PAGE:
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Daley v. Micieli

United States District Court, W.D. Louisiana, Lake Charles Division

November 17, 2014

DAMEON DALEY, Plaintiff,
J. MICIELI, ET AL., Defendant.



Before the court is the Report and Recommendation [Doc. 14] of the Magistrate Judge, to which the plaintiff, Dameon Daley ("Daley") has filed no objections. For the following reasons, the Report and Recommendation [Doc. 14] is AMENDED, IN PART, and AFFIRMED, as amended.


The court herein adopts the factual findings set forth by the Magistrate Judge.[1] Among his litany of complaints, Daley alleges that he was provided with inadequate clothing while being forced to attend outdoor recreation activities.[2] Daley asserts that as a result of being inadequately clothed, he suffered "frostbite, hypothermia, chills, and colds, and was otherwise injured and suffered great pain of body and mind."[3]

Daley filed a Bivens suit on November 11, 2011, and alleged violations of his Eighth Amendment rights.[4] The complaint was originally dismissed as being outside the statute of limitations, but the case was reopened in 2013 after Daley successfully argued that his time to bring suit had not yet expired due to equitable tolling.[5] On May 22, 2014, the Magistrate Judge recommended that the plaintiff's complaint be dismissed, with prejudice, as frivolous pursuant to the provisions of 28 U.S.C. ยง 1915(e)(2)(B)(i) and (ii).[6]


The court must accept the plaintiff's allegations as true in determining whether a complaint is frivolous or fails to state a claim. Horton v. Cockrell, 70 F.3d 397, 400 (5th Cir. 1995) (frivolity); and Bradley v. Puckett, 157 F.3d 1022, 1025 (5th Cir.) (failure to state a claim). The initial inquiry in a Bivens claim such as Daley's is whether there was a constitutional violation. See Hessbrook v. Lennon, 777 F.2d 999, 1005 (5th Cir. 1985).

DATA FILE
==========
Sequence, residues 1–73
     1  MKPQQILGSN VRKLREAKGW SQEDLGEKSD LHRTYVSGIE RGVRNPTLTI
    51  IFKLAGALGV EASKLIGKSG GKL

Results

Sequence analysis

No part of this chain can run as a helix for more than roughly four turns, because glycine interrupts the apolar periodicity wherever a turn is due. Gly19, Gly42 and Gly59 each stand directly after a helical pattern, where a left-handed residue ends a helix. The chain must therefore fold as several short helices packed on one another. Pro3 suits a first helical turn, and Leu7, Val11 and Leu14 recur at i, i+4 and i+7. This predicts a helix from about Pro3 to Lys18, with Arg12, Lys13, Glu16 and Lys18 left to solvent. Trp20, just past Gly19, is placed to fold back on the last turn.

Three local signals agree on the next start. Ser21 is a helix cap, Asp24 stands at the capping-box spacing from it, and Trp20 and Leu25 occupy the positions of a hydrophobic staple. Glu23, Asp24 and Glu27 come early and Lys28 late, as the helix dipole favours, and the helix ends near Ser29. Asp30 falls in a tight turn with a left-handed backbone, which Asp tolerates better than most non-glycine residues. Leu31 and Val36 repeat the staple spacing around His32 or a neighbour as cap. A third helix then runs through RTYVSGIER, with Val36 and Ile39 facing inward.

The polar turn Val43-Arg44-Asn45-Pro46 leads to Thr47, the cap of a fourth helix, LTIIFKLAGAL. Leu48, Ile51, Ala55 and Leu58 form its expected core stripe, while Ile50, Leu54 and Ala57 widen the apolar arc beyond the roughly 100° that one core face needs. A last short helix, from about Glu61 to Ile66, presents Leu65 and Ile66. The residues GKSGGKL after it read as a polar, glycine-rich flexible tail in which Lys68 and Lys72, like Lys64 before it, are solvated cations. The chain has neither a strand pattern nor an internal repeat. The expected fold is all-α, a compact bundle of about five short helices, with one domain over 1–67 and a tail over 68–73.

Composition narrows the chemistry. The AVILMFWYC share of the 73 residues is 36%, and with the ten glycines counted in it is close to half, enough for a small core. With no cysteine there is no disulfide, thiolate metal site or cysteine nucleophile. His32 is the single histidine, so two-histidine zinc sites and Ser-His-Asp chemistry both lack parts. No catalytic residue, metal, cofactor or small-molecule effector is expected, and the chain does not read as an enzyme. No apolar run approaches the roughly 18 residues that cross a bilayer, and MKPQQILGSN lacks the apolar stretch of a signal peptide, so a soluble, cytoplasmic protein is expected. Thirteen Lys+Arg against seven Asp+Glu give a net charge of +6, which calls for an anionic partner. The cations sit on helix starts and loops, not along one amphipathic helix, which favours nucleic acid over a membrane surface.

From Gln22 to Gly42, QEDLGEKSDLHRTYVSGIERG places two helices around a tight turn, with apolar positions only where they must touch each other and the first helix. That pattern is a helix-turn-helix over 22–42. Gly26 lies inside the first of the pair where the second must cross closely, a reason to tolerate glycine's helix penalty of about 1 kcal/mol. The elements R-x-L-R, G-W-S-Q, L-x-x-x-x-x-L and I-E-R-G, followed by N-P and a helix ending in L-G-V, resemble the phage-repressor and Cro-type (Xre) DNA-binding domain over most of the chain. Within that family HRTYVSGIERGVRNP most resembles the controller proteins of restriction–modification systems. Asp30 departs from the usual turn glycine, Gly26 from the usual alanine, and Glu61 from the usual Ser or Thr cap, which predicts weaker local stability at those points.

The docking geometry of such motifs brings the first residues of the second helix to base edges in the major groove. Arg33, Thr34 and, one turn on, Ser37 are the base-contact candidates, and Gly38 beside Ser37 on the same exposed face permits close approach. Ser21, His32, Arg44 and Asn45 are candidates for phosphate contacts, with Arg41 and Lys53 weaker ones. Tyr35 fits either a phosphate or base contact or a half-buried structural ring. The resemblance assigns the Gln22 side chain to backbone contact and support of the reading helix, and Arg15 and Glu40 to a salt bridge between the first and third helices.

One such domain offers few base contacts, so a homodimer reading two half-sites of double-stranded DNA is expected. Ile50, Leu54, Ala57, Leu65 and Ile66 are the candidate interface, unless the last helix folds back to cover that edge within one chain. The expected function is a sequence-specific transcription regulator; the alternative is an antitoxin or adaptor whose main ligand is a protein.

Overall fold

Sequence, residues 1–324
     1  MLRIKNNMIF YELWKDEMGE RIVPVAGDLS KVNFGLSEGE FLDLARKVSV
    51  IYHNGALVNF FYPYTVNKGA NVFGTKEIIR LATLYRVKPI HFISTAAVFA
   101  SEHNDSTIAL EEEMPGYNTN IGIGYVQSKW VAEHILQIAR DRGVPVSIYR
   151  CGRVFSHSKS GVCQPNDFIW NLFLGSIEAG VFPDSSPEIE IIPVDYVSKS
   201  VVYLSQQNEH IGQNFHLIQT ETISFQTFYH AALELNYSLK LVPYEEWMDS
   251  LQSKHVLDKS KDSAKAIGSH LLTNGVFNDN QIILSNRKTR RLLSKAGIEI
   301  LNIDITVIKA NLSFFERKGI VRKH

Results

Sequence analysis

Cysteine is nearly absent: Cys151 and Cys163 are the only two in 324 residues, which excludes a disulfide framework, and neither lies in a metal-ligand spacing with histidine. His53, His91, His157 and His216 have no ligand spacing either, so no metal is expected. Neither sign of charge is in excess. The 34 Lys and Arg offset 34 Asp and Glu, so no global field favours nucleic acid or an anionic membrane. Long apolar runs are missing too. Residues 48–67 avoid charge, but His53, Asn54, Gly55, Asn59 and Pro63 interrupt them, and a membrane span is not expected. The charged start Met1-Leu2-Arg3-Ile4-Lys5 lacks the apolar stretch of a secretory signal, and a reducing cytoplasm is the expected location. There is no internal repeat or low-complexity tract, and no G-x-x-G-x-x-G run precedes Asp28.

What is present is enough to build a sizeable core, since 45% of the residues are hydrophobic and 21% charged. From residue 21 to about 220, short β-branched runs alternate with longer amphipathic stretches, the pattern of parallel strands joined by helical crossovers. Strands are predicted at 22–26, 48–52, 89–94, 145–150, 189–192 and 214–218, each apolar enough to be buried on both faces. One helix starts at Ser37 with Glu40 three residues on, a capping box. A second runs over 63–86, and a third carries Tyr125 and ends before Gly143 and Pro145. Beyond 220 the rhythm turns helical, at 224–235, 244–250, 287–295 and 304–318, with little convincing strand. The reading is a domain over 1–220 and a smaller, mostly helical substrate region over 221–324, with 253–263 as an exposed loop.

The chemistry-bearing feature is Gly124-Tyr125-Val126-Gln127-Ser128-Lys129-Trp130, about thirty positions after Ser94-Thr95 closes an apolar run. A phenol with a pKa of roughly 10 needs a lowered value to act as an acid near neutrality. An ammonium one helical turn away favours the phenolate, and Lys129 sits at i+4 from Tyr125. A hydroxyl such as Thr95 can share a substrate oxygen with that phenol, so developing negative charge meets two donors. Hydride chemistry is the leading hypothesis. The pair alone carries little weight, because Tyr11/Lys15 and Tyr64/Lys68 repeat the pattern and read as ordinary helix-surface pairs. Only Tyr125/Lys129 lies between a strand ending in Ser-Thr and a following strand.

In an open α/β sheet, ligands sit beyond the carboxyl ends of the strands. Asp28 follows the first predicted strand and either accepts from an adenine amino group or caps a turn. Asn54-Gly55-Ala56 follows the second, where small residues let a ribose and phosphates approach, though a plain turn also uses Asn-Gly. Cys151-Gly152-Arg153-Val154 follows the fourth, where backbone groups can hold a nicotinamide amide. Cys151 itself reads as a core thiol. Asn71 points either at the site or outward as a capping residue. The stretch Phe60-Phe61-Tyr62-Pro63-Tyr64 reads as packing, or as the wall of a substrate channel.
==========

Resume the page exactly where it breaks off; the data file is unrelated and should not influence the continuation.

There are two components of an Eighth Amendment violation: (1) the deprivation alleged must be sufficiently serious; and (2) the prison official must have acted with deliberate indifference. Wilson v. Seiter, 501 U.S. 294, 298 (1991); and Farmer v. Brennan, 511 U.S. 825, 836 (1994).

I. Seriousness of Deprivation Alleged

A deprivation is sufficiently serious when it denies "the prisoner some basic human need." Woods v. Edwards, 51 F.3d 577, 581 (5th Cir. 1995) (citing Farmer, 511 U.S. at 834). "It is axiomatic that a prison official's failure to provide inmates relief from extreme temperatures may constitute an Eighth Amendment violation." Ball v. LeBlanc, 988 F.Supp. 639, 662 (M.D. La. 2013) (citing Wilson, 501 U.S. at 304 ("low cell temperature at night combined with a failure to issue blankets" could constitute an Eighth Amendment violation); Smith v. Sullivan, 553 F.2d 373, 381 (5th Cir. 1977) ("If the proof shows the occurrence of extremes of temperature that are likely to be injurious to inmates' health relief should be granted...."); and Blackmon v. Garza, 484 Fed.Appx. 866, 869 (5th Cir. 2012) (unpublished) ("Allowing a prisoner to be exposed to extreme temperatures can constitute a violation of the Eighth Amendment.")) (additional citation omitted).

In his complaint, Daley alleges that he suffered "frostbite, hypothermia, chills, and colds."[7] He attributes these injuries to exposure to "freezing temperatures and rainy conditions."[8] These assertions cannot be said to be "pure fantasy or based upon a legally inarguable proposition." Eason v. Thaler, 14 F.3d 8, 10 (5th Cir. 1994). Taking Daley's allegations as true, dismissal is inappropriate at this time. The factual sufficiency of Daley's claims will be tested at a later date.

II. Deliberate Indifference of Prison Officials

To be found liable under the Eighth Amendment, a prison official must know of and disregard an "excessive risk to inmate health or safety; the official must both be aware of facts from which the inference could be drawn that a substantial risk of serious harm exists, and he must also draw the inference." Callicutt v. Anderson, 48 Fed.Appx. 916 (5th Cir. 2002) (unpublished) (citing Farmer, 511 U.S. at 837). Negligence on the part of prison officials cannot form the basis of a claim for a violation of the Eighth Amendment. Farmer, 511 U.S. at 835.

Repeated refusal to provide adequate clothing after a prisoner complains of injury-causing adverse weather conditions is an arguable basis for a violation of the Eighth Amendment. Again, it cannot be said that such an allegation gives rise to "a legally inarguable position" on the issue of deliberate indifference. Eason, 14 F.3d at 10. Without examining the veracity of Daley's claims, ...

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